activities & prompts

Illustrations are an incredibly rich source of inspiration, but how do we step from looking at pictures to creating story? To help we have devised fun activities and story prompts, as well as detailed Teacher's Notes. You can think of these as a warm up for your imagination, helping you to focus on details and then investigate them as creatively as you can. Revisit the same activities and watch your answers change over time. These images are only a starting point... Where you go after that, is up to you.     


We'd love to invite you to share your unique caption to this week's image and be inspired by others.
You will be staggered by the many different ideas that are conjured by the same drawings.



Send us your caption for this illustration. Short and sweet, 180 characters, family friendly please!

(Note: captions will be posted here at our discretion. Captions can be identified with your initials, if you choose.) 


Every illustration in the Storyteller's Handbook is a collection of story fragments and characters waiting to be noticed.
Dive into the images in the search for details. Can you discover all of these things? Can you find them in more than one place?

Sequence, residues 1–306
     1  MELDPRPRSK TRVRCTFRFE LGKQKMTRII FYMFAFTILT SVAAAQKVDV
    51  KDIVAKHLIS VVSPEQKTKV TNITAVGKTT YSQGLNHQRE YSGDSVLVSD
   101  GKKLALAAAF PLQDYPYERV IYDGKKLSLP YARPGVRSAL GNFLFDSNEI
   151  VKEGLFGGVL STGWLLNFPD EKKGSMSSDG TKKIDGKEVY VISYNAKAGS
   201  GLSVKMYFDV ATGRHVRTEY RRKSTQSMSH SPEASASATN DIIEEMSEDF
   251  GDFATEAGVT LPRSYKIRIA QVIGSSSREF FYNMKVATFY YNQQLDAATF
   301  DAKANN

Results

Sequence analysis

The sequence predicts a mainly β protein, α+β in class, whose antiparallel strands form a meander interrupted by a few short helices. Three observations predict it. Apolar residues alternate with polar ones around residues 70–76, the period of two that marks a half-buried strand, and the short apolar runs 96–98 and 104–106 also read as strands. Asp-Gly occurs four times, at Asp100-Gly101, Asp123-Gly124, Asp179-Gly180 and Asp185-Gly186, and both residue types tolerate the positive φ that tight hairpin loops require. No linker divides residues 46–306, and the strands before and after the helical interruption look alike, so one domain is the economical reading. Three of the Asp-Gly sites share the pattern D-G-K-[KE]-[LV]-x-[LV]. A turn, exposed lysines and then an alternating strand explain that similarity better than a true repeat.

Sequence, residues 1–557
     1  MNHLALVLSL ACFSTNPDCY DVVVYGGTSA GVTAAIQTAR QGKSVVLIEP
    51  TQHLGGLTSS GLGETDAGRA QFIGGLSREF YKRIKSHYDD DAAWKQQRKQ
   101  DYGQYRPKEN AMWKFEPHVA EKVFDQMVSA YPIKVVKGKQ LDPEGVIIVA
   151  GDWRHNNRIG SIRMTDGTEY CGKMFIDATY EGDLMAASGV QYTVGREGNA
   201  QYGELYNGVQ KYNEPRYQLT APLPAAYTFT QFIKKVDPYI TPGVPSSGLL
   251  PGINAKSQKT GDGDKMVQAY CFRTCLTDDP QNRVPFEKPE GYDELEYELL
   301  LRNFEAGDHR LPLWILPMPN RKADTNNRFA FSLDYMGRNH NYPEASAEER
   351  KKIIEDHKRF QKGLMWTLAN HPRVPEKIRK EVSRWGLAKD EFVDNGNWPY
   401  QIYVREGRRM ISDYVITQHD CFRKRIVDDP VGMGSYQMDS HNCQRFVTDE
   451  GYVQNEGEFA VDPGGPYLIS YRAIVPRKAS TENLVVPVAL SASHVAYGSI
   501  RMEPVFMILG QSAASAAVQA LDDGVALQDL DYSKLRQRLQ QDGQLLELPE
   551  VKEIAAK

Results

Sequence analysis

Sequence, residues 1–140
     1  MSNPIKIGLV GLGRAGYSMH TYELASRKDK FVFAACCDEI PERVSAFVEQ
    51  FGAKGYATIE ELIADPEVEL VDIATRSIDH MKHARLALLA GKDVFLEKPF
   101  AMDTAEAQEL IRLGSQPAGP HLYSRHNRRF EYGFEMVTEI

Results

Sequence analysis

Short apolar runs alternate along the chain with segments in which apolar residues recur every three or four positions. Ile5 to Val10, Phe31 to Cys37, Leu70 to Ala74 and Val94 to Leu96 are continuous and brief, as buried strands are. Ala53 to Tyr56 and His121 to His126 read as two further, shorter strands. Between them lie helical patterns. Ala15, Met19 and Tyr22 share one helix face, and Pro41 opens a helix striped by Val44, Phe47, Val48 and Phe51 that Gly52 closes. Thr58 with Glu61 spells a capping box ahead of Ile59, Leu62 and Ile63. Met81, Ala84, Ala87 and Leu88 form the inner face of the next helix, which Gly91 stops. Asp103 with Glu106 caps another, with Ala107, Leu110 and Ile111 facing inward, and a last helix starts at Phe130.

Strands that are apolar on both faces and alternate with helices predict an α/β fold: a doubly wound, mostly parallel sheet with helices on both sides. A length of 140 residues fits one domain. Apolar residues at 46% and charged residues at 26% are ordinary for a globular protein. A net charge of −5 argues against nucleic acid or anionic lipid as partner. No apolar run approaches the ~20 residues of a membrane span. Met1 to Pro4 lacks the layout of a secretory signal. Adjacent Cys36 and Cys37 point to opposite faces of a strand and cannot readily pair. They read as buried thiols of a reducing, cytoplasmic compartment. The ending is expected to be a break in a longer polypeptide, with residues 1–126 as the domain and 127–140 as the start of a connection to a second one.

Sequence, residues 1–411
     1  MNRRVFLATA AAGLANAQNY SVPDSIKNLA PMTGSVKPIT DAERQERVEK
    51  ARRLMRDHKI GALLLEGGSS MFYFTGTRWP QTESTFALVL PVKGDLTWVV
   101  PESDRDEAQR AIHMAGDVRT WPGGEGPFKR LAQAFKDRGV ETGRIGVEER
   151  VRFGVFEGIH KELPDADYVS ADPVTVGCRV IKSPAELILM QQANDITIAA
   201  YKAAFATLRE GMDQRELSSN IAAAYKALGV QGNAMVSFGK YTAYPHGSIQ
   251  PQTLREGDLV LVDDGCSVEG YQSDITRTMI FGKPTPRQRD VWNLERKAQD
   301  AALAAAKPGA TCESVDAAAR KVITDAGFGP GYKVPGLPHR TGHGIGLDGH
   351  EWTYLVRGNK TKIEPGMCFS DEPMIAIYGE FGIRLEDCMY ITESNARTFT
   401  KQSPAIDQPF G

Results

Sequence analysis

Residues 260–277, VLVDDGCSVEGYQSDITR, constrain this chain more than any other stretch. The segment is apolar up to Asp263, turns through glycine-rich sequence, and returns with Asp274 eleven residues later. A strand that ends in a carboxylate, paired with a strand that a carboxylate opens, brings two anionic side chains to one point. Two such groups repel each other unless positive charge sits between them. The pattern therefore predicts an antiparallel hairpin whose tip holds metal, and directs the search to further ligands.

Then take on the next challenge of uncovering fragments of story. Where do you think these lie?
Follow this up with why  you made these decisions and you have the beginning of a story.

SEARCH FOR details

Go on the search within the pages of this book to find 70 hidden details:  

A secret door
a sideways tree
a free ride
an upside down city
an  unlikely snail



Discover these stories and more:

Someone who is afraid of the dark

Who is not what they seem?
Something about to transform
Who is beginning an adventure?
Who is almost at the end?


story prompts

Each image in this book can be used in so many ways. 

The more we ask questions about what we see, the more we will be challenged to provide answers - originating from our imaginations, interests and experience. These images are just a starting point to our own stories. Often our first instinct is a good place to begin, but here are some possible exercises to help you really connect with the scene. The more you feel like this is yours and you are in control of what happens, the more your voice will grow.

And remember to keep all of your ideas! Jot them in a journal, make a file or a story box.
These will be your ingredients when you are looking for ideas later.



Step into the picture: 

What can you hear? 
What does the wind sound like? 
Are there any bird noises or music?  
What can you smell?
Who is talking and what are they saying?
What weather is coming?
Look around - what is just beyond the edge?
What is floating overhead?


Become a character:

Can a cloud be a character?
Or a window? Or an animal?
What if all the chimney pots and the birds were talking together? 
What is their secret fear?
What do they hope for? 
Who do they miss?
What are they good at that nobody knows?
Where did they come from? What do they dream?

Storytellers Handbook_yakitori_characters


You have answered a question - what effect does that answer have? Is it good or bad, or complicated?